Harbour Symphony #1
You will find all our Harbour Symphonies on out Sound Cloud page.
Concert: Sound Symposium XVIII, July 9, 2016 – LSPU Hall
Sound Symposium’s first LSPU Hall concert for Saturday evening was a great way for the uninitiated to get an idea of what can be explored in the creation of sound. The room began in darkness, with sounds of doors opening, running on gravel, voices, locations…noises coming from varied parts of the room yet in entirely different spaces in your mind. It was the desired effect, being a section of a 3D surround piece presented by Fernando Lopez-Lezcano designed to reflect how the blind dream. From that audio picture we are introduced to the first act of the night, the city’s veteran improvising group, The Black Auks, who provided the audience with their customary chaotic noodling complete with free form honks from toys and all manner of dissonant themes. Wallace, Neil, Mack and Craig have never followed any ‘rules’ with what I know of their music-making, which is really a lovely thing. Following this was the guitar quartet, Instruments of Happiness, beginning with an atmospheric solo piece by Tim Brady, who utilized a multitude of pedal effects for looping phrases, distorting passages and firing dark swells. He was then joined by Antoine Berthiuame, Michel Héroux and Gary Schwartz for a couple of compositions which layered harmonized chords and interwoven melodies, swapping leads between them and evoking moods that most certainly were joyous and happy.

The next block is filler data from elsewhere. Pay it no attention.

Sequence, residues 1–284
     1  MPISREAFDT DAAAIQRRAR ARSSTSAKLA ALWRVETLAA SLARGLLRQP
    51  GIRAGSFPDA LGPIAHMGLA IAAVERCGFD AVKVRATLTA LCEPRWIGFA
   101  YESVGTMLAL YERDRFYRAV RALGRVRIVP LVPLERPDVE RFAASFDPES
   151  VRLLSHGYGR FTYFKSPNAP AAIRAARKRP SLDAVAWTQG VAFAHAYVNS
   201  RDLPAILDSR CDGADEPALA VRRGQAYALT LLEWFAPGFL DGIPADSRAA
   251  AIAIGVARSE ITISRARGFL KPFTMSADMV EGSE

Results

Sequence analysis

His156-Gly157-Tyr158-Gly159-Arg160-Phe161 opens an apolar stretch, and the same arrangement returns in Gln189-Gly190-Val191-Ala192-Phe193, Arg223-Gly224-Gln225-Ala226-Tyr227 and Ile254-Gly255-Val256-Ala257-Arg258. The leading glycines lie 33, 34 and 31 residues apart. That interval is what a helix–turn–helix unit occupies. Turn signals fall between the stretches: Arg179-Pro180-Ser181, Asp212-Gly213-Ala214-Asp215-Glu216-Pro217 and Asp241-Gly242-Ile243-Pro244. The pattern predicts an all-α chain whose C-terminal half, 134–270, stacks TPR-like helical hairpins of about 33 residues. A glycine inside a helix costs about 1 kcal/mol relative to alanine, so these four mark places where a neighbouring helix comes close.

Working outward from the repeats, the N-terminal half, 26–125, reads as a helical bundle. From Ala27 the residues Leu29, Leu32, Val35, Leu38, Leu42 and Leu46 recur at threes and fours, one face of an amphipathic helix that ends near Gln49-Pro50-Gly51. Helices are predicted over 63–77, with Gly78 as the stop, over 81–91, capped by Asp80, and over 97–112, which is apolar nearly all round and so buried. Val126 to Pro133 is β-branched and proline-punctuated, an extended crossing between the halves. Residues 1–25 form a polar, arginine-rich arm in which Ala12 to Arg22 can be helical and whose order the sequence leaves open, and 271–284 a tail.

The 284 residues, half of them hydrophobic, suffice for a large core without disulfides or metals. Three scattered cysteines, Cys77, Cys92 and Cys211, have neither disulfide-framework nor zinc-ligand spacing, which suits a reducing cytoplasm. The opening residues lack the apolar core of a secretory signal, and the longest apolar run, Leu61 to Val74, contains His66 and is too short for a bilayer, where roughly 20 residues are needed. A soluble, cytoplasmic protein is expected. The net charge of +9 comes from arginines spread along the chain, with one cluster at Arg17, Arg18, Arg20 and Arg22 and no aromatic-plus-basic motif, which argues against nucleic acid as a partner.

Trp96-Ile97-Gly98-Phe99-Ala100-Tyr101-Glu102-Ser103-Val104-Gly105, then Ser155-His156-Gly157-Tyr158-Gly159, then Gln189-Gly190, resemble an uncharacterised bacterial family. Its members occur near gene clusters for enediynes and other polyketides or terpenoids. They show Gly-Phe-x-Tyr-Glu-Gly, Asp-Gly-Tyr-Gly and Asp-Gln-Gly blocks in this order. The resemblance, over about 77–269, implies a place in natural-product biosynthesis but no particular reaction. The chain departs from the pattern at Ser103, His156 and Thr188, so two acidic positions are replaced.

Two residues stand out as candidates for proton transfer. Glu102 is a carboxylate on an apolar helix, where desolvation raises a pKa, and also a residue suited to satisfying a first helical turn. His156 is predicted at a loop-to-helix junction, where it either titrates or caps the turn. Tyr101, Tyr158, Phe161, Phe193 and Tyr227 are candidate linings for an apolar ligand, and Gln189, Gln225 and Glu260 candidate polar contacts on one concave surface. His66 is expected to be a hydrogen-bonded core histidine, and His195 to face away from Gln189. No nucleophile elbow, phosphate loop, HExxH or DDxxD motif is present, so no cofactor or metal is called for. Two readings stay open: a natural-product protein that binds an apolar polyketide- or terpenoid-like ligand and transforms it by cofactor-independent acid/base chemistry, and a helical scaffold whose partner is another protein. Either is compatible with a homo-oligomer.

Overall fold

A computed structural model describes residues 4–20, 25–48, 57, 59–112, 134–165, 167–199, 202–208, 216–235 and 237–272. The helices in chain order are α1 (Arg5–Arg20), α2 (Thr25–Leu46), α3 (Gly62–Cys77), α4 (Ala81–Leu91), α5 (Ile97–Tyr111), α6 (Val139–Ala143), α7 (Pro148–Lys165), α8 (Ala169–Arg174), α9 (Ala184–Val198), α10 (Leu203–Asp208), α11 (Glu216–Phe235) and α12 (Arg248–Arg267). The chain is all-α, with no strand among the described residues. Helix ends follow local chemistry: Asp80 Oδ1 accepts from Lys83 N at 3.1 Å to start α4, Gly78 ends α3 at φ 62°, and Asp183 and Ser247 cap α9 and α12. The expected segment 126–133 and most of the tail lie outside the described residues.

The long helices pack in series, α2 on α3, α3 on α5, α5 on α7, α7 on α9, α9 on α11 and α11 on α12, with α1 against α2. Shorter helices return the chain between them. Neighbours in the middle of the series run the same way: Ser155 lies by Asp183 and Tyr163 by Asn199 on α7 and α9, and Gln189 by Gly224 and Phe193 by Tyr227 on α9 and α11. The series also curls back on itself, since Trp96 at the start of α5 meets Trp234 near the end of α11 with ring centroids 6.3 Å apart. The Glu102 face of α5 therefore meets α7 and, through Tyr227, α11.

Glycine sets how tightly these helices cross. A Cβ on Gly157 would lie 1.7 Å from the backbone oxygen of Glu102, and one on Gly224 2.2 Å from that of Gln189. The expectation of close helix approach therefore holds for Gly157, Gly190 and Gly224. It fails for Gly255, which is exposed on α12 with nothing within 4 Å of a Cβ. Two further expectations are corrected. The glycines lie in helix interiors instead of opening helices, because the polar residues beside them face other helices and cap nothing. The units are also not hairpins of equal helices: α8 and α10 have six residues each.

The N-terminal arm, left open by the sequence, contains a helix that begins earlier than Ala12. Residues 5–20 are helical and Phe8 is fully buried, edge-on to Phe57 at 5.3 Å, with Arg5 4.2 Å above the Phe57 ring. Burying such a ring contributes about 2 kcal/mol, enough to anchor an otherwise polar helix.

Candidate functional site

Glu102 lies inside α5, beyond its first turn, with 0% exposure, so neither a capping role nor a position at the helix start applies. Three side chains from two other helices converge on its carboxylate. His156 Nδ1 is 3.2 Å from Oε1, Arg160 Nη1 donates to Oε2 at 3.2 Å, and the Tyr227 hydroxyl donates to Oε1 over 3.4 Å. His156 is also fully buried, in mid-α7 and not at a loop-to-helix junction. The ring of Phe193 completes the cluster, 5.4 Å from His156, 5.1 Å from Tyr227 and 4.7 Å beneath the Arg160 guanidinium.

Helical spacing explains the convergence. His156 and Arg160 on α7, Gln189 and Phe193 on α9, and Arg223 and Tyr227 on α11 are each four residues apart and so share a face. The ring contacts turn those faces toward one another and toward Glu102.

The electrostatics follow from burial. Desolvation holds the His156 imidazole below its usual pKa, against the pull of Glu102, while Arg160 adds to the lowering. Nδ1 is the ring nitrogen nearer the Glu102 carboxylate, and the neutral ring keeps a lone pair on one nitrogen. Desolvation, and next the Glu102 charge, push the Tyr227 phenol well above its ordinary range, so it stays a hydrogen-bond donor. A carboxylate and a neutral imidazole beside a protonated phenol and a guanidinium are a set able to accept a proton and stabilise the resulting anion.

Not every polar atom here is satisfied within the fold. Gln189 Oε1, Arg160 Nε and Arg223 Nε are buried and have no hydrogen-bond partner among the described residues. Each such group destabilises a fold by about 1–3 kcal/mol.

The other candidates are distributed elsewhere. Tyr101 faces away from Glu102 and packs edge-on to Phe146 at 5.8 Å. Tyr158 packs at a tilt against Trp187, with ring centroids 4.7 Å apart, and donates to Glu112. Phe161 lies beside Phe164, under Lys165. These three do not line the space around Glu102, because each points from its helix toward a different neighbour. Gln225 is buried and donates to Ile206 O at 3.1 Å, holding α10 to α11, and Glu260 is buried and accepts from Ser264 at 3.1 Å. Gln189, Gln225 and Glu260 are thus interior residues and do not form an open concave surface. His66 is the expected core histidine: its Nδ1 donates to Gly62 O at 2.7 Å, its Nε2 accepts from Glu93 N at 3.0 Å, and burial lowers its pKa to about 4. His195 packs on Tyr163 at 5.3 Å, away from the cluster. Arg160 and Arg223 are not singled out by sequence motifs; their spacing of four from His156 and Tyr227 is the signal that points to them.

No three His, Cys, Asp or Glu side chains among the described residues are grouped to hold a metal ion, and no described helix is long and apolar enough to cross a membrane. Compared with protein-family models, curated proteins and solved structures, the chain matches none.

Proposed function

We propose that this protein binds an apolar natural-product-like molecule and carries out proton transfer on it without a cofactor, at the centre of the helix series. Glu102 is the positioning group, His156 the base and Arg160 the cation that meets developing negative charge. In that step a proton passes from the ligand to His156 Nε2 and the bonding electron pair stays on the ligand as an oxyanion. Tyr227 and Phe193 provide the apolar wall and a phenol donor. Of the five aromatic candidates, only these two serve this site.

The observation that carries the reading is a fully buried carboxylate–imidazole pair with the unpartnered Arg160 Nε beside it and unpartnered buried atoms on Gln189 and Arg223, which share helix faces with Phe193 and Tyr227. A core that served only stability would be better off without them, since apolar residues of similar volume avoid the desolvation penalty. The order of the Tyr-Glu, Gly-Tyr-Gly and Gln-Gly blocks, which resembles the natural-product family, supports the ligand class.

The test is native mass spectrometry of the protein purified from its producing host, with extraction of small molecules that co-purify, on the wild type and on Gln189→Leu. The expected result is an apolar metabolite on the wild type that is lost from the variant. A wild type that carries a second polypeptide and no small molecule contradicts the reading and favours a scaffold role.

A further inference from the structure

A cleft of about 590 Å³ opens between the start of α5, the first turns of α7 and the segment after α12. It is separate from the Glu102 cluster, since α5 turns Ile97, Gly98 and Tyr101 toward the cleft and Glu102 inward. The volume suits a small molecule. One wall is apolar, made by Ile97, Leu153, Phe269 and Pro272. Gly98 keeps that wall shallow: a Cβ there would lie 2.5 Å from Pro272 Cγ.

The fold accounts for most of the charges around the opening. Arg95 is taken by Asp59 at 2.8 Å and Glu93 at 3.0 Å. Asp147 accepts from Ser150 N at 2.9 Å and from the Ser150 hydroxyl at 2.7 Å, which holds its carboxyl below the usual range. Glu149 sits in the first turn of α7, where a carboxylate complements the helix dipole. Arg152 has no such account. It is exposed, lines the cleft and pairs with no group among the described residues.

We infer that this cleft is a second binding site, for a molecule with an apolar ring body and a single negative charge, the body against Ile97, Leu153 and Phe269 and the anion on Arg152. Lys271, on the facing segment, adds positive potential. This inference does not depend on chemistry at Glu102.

After a short break, the second half began with James O’Callaghan’s acousmatic work, Bodies-Soundings, which made use of a toy piano on stage and an acoustic guitar seated in the middle of the audience. Both were source material in the piece and used as additional resounding loudspeakers for playback. The whirs, clicks, creaks and hollow resonant feedback was fascinating, coming from all sides of the room. The concert finished with a pair of the country’s finest improvisers, Newfoundland’s own Patrick Boyle on trumpet, and the steadfast improv educator from York University, Casey Sokol, on piano. They came out conversational, playful and charming, each riffing with a surprise object of the other’s choosing and together on a piece by Oliver Schroer adapted for piano. It was a loose and fun end to the show, and morphed into the next section outside the LSPU, where everyone huddled in the foggy chill to witness AE Bridger on accordion with a full horn section play solemn dirges from his new CD, Museum. The band led everyone in a traffic-stopping processional across Duckworth Street to The Ship for a seamless transition to Night Music, with a packed house, flashy lighting and spirited jams afterward. I ducked out while the Auks’ Craig and Mack were thumping out a cool psychedelic rock vibe with Bridger and Patrick Canning on guitars. Always a trip, and one I would continue the next morning with a workshop from James O’Callaghan and more rehearsal preparation for Tim Brady’s 20 Guitars performance scheduled for Monday night. Sound Symposium XVIII keeps me busy, interested and always entertained.